International Paper (NYSE: IP) is a leading global producer of renewable fiber-based packaging, pulp and paper products with manufacturing operations in North America, Latin America, Europe, North Africa, India and Russia. We produce corrugated packaging products that protect and promote goods, and enable worldwide commerce; pulp for diapers, tissue and other personal hygiene products that promote health and wellness and papers that facilitate education and communication. We are headquartered in Memphis, Tenn., and employ approximately 52,000 colleagues located in more than 24 countries. Net sales for 2017 were $22 billion. For more information about International Paper, our products and global citizenship efforts, please visit internationalpaper.com.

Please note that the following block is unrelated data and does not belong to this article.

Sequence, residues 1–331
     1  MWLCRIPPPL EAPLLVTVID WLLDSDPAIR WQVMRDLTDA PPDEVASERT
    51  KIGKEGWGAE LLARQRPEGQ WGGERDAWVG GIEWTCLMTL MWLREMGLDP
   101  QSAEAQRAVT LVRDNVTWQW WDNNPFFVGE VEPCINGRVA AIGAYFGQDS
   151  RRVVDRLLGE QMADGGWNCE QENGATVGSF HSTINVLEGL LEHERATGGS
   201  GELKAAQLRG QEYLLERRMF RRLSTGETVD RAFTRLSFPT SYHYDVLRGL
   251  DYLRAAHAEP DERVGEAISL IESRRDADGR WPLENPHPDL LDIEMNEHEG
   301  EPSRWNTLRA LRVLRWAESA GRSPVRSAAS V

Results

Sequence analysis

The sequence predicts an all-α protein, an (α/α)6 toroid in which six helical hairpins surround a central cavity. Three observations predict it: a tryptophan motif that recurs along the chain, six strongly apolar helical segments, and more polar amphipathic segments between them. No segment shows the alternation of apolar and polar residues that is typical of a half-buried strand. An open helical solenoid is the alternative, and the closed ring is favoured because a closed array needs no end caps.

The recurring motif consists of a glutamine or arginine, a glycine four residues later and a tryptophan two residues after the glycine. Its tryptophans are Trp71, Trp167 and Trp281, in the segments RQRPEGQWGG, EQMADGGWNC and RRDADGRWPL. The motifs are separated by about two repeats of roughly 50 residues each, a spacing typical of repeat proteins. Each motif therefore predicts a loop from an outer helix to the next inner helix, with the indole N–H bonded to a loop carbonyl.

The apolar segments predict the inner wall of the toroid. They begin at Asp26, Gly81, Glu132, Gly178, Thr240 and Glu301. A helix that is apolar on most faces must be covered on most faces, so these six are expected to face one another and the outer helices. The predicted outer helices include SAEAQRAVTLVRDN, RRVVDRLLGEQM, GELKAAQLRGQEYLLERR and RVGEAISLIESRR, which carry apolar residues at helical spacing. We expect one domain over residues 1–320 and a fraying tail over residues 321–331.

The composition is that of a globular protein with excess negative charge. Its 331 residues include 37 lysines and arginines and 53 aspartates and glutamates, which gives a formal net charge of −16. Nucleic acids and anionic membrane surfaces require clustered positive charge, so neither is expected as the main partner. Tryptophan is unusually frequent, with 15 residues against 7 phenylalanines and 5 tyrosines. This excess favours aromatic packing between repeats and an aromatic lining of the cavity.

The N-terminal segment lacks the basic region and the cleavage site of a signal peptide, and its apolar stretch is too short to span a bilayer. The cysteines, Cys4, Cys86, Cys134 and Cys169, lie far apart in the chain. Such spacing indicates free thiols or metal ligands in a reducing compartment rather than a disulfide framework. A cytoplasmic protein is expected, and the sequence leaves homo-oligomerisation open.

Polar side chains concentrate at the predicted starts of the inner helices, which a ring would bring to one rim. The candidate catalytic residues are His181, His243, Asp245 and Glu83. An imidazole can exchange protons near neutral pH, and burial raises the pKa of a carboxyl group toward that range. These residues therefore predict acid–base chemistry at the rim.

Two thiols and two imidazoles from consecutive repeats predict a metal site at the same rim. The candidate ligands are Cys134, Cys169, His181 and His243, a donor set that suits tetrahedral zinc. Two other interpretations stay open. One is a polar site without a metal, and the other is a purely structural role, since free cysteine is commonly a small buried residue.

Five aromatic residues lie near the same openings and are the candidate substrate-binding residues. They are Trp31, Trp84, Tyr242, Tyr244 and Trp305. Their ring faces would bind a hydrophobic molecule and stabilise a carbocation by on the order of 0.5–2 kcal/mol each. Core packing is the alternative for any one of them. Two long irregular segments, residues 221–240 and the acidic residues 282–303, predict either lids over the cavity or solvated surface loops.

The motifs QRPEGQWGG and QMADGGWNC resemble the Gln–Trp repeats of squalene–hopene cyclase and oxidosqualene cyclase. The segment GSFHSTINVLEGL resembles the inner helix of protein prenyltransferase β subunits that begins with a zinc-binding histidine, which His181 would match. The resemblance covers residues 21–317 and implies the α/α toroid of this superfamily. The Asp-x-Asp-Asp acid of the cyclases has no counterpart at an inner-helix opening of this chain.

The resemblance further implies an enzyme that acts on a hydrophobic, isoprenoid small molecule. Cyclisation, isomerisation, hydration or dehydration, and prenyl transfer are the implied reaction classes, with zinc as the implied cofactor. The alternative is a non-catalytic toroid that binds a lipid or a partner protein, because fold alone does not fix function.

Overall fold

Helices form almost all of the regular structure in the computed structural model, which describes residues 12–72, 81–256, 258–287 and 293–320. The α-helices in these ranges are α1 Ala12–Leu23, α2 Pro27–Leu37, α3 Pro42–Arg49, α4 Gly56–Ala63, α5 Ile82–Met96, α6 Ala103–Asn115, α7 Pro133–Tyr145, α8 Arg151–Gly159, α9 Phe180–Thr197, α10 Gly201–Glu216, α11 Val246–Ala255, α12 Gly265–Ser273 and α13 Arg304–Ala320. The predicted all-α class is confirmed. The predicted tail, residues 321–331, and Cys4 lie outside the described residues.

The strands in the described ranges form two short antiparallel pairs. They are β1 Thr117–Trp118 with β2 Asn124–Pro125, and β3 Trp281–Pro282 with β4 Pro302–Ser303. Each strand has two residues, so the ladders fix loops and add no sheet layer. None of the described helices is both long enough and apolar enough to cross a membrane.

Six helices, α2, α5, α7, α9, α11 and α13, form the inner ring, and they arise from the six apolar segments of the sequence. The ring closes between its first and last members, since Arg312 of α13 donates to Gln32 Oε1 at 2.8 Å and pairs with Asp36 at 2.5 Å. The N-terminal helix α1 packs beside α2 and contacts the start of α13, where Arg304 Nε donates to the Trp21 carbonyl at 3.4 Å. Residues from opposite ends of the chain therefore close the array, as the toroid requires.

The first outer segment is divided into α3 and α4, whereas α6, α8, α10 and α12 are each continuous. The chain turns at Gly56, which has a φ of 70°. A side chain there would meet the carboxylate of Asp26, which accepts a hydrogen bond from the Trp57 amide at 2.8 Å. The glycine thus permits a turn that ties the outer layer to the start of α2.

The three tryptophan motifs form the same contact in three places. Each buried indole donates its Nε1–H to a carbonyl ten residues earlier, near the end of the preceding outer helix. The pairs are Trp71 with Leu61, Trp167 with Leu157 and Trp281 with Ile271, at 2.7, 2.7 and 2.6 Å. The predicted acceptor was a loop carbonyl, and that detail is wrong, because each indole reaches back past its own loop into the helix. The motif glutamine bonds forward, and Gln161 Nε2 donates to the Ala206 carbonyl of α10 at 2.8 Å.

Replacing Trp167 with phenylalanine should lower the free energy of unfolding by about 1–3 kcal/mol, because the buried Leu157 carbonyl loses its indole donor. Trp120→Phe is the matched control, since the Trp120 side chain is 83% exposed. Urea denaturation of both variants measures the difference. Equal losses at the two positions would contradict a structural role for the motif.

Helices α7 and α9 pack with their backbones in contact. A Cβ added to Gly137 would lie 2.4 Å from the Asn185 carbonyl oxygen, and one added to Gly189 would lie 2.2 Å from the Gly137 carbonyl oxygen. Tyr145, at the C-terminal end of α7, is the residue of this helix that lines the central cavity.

About the Walton Family Foundation
The Walton Family Foundation is, at its core, a family-led foundation. The children and grandchildren of our founders, Sam and Helen Walton, lead the foundation and create access to opportunity for people and communities. We work in three areas: improving K-12 education, protecting rivers and oceans and the communities they support, and investing in our home region of Northwest Arkansas and the Arkansas-Mississippi Delta. In 2017, the foundation awarded more than $535 million in grants in support of these initiatives. To learn more, visit waltonfamilyfoundation.org and follow us on Facebook and Twitter.
About the American Forest Foundation
The American Forest Foundation (AFF), a forest conservation organization, works on the ground with families, partners and elected officials to promote stewardship and protect our nation’s forest heritage. A commitment to the next generation unites our nationwide network of forest owners working to keep our forests healthy and producing the clean water, wildlife habitat and sustainable wood supplies that all Americans count on from forests.